summarily exclude expert witness testimony proffered by a defendant on memory generally on

false memory, on proper interviewing techniques for children who allege sexual abuse, and on

memory suggestion in a case where a defendant was charged with aggravated sexual abuse

against several children. People v. Cardamone, 381 Ill. App. 3d 462 (2008). On appeal, the

court held that the trial court had abused its discretion in excluding the testimony because such

information is not within the common knowledge of the ordinary juror given that most of the

experts‘ findings conflict with common sense. Id. at 502..

         Both Butler and Cardamone illustrate the evolving acceptance of testimony regarding

social psychological phenomena. Such phenomena, like the delayed reporting of sexual abuse, is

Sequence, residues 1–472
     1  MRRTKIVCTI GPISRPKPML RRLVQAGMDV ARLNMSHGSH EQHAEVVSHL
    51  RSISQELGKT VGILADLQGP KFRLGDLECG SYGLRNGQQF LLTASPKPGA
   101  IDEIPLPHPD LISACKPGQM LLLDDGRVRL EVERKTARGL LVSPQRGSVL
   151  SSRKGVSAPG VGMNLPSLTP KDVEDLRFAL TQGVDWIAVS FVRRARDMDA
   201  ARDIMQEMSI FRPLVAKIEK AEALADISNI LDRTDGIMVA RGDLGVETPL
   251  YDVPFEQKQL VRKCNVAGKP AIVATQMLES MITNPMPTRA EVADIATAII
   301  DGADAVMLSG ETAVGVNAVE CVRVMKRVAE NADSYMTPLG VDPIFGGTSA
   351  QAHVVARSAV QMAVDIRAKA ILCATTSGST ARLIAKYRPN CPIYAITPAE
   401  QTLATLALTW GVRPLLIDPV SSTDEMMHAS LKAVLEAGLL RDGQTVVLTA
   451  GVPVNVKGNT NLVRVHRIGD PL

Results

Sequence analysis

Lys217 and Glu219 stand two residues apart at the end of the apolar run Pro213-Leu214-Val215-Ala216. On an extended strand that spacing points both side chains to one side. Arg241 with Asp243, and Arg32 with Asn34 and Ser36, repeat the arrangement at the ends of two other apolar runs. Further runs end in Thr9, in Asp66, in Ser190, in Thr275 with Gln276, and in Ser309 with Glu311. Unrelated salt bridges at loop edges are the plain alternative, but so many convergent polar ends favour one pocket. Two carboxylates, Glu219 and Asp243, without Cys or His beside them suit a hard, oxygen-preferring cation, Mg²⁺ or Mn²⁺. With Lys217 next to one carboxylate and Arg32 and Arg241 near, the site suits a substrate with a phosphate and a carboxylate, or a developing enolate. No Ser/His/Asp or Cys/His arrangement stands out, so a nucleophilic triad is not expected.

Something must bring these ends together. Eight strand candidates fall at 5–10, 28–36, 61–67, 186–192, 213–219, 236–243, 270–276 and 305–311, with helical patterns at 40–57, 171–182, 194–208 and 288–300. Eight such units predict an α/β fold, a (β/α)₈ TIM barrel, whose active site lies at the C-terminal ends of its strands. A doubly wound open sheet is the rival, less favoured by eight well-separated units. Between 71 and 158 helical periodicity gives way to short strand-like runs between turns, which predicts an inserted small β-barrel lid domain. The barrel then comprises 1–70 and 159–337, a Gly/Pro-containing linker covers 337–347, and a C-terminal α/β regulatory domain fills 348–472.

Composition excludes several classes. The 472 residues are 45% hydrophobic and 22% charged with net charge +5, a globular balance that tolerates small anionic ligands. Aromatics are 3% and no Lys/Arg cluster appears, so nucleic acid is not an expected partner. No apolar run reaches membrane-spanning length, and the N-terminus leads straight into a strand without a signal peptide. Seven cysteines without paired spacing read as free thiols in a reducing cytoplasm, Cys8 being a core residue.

commonly dismissed by a juror‘s so-called common sense, when in fact such common intuition

can lead to the exact opposite of the truth and a conclusion that ―the victim must be lying.‖ The

victim‘s delayed and piecemeal report of sexual abuse is a scientifically studied phenomenon



(footnote continued from previous page)
 Attorney‘s Office. See Northwestern Law, Bluhm Legal Clinic, False Confessions,
 http://www.law.northwestern.edu/cfjc/falseconfessions.html (last visited July 11, 2010).




WEST \22068537.2                                   24
and, in fact, is often the way victims report their abuse. Butler, 377 Ill. App. 3d at 1063. The

many research studies and published articles (some of which are cited herein) on false

confessions demonstrate that, counter to common sense, the phenomenon of false confessions